Case studies – the problem

Here are some recent real life examples that have come to the attention of the Commissioner’s Investigations and Advice team ahead of the original publication date in March 2020:

  • A child who has experienced complex trauma and attended A&E multiple times following suicide attempts. Due to the severity of violence towards their parents, police were called out to the property most nights of the week, attending for several hours each time. The child was receiving support from their local social care department, but no therapeutic support. The family were told that Child and Adolescent Mental Health Services (henceforth CAMHS) are unable to help.
  • A family believed their child needed a secure placement, as they were a danger to themselves. We were told that social services were trying to source alternative placements and had approached dozens of residential facilities, none of which could accommodate the child. We were told the reasons given were because they did not meet their criteria. The child remained at a mental health in-patient unit, even though professionals agreed it was not an appropriate placement. The child then spent months on a paediatric ward, which was not a suitable setting for their needs.
  • A child with a learning disability whose home environment was no longer safe for them to stay at. The child has been placed at several different locations across Wales as services have struggled to deal with the child’s behaviours. At one of these placements there were no therapeutic interventions available and as the child was much younger than others at the placement, the older children bullied them, causing further trauma.
  • A child with a life limiting condition and related significant healthcare needs had been receiving health care in one local authority, and then changed foster placement to another Health Board area. The two Health Boards involved were now disputing who has the responsibility for the health needs of this young person as they had reached the age of 18 over the course of the move.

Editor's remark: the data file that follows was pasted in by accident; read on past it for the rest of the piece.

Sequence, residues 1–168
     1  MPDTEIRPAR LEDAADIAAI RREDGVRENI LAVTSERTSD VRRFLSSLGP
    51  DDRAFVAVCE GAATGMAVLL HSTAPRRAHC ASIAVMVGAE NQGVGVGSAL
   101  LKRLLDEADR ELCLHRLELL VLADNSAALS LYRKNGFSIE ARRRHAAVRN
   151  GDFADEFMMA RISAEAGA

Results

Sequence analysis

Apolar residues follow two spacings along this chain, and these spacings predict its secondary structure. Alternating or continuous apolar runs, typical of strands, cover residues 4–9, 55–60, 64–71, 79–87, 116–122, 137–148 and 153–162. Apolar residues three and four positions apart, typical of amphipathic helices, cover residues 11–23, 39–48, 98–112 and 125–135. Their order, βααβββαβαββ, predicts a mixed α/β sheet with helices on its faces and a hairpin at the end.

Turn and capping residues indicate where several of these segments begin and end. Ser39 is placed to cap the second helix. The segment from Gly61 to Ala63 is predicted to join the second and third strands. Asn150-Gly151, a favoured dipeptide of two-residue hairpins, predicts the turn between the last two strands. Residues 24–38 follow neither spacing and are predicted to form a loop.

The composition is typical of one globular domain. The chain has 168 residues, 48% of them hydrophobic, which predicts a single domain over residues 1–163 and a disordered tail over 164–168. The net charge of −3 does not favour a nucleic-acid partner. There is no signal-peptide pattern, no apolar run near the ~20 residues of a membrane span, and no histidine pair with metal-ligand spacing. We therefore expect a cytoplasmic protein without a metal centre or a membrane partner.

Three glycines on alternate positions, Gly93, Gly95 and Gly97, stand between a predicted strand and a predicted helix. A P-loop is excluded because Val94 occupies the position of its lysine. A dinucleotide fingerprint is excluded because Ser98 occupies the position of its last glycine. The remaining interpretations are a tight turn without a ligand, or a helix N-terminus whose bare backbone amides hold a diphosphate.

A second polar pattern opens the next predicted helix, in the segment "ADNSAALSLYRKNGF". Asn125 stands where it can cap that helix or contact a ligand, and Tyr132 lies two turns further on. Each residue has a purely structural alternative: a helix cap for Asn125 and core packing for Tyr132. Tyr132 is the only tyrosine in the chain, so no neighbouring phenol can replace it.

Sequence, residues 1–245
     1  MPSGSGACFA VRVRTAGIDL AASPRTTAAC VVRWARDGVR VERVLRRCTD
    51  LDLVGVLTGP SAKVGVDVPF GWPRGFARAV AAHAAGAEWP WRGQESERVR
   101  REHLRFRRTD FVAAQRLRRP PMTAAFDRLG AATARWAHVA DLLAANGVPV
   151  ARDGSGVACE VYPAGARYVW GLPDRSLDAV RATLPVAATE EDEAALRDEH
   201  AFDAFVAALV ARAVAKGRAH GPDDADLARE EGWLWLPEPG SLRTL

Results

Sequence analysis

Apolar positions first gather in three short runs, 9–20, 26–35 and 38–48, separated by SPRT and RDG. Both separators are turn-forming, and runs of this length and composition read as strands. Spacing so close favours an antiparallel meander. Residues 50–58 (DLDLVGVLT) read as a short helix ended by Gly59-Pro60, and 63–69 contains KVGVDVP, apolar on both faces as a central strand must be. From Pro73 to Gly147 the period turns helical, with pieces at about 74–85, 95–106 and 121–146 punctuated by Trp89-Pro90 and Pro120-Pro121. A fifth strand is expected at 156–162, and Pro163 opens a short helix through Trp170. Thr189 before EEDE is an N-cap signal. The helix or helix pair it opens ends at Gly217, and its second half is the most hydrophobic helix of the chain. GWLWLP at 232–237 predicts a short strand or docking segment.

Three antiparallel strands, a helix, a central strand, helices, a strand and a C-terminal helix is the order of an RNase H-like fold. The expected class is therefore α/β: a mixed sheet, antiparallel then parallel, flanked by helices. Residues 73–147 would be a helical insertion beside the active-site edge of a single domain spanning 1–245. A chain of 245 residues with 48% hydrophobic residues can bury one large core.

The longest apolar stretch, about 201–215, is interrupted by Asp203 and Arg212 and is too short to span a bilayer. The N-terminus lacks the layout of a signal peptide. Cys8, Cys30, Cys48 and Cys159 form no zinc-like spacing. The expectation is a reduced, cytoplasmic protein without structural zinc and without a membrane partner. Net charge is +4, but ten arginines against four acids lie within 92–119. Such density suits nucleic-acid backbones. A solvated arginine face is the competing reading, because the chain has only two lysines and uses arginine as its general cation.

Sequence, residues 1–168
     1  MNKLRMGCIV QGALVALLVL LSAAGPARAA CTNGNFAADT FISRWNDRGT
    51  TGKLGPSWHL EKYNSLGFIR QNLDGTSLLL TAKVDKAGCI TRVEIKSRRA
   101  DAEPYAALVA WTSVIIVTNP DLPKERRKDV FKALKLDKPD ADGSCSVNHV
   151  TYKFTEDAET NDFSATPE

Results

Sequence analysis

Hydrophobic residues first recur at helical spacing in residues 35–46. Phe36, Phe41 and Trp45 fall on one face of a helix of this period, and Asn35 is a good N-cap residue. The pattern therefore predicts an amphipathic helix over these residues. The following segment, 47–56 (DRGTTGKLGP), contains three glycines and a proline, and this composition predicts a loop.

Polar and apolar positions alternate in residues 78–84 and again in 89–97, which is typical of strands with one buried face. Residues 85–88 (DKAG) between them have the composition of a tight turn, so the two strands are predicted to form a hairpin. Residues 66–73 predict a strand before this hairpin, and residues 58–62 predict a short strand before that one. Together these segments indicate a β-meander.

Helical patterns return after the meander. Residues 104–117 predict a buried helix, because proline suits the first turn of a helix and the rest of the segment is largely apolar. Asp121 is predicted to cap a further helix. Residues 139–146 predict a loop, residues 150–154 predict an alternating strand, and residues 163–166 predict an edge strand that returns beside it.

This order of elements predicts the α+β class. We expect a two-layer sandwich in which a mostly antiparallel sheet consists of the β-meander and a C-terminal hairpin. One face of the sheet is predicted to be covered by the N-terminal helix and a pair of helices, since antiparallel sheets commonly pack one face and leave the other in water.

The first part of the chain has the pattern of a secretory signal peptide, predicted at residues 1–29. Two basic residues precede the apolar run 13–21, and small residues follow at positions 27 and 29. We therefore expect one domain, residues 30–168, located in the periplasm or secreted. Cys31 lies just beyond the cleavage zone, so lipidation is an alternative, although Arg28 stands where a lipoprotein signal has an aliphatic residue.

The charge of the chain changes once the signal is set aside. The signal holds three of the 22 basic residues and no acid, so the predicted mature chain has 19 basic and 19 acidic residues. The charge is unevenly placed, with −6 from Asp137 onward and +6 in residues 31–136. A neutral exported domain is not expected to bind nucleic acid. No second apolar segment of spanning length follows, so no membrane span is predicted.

• A child was kept in mental health facility for weeks despite having no mental health diagnosis as there was no alternative provision.
  • A child had attempted suicide three times in three weeks. Their parents felt that they would not be able to keep the child safe at home but felt no one listened to their requests. Eventually the child was discharged, without appropriate follow up.
  • A child displaying behaviours and difficulties which suggest dyslexia and dyspraxia who has not been in school for over four months due to social and school anxiety issues. They were referred to CAMHS, who said that the young person did not meet the criteria for further support. CAMHS stated that the young person may have Autistic Spectrum Disorder (ASD) traits. The child’s school completed a referral to the neurodevelopmental team. In the meantime, the concerning anxiety behaviours got worse and the family were extremely worried. The local education service has identified an EOTAS provision that would help the child study for their school exams but this cannot be actioned unless the child is actively receiving mental health support through CAMHS. The family asked the GP to re-refer the young person to CAMHS. The child has recently been seen by primary care CAMHS and offered therapeutic support to help with their anxiety. The child is still not in school.
  • A child had taken an overdose which resulted in them being admitted to hospital. Since being discharged from hospital, we were told that the child received no support, despite the family being told that the child would be able to access support in the community.  The family called the local CAMHS service and were told the child is on the waiting list for an appointment with CAMHS but they were unable to provide a date. The child was also on a waiting list for their school counsellor. The social services department told the family that it is CAMHS’ responsibility to support the child and as a result they did not offer any support.
  • A child had been detained under the Mental Health Act and was taken by police to A&E. The child had not been diagnosed with a mental disorder. The child was placed at the hospital on an adult ward and supervised by two agency staff from the mental health unit they had previously been at. The child was unable to return to the unit as they were unable to manage the young person’s behaviour. The child was moved to another hospital, again on an adult ward but this time segregated from the rest of the ward. A multi-agency meeting was arranged to agree next steps. The meeting was attended by 16 professionals, including one from the child’s local CAMHS, the relevant social services department, and one of their lawyers. The meeting was chaired by the Clinical Director for CAMHS in the child’s Health Board. Social Services maintained that they were not able to provide the child with any form of secure accommodation as the young person was about to turn 17, and not subject to a Care Order.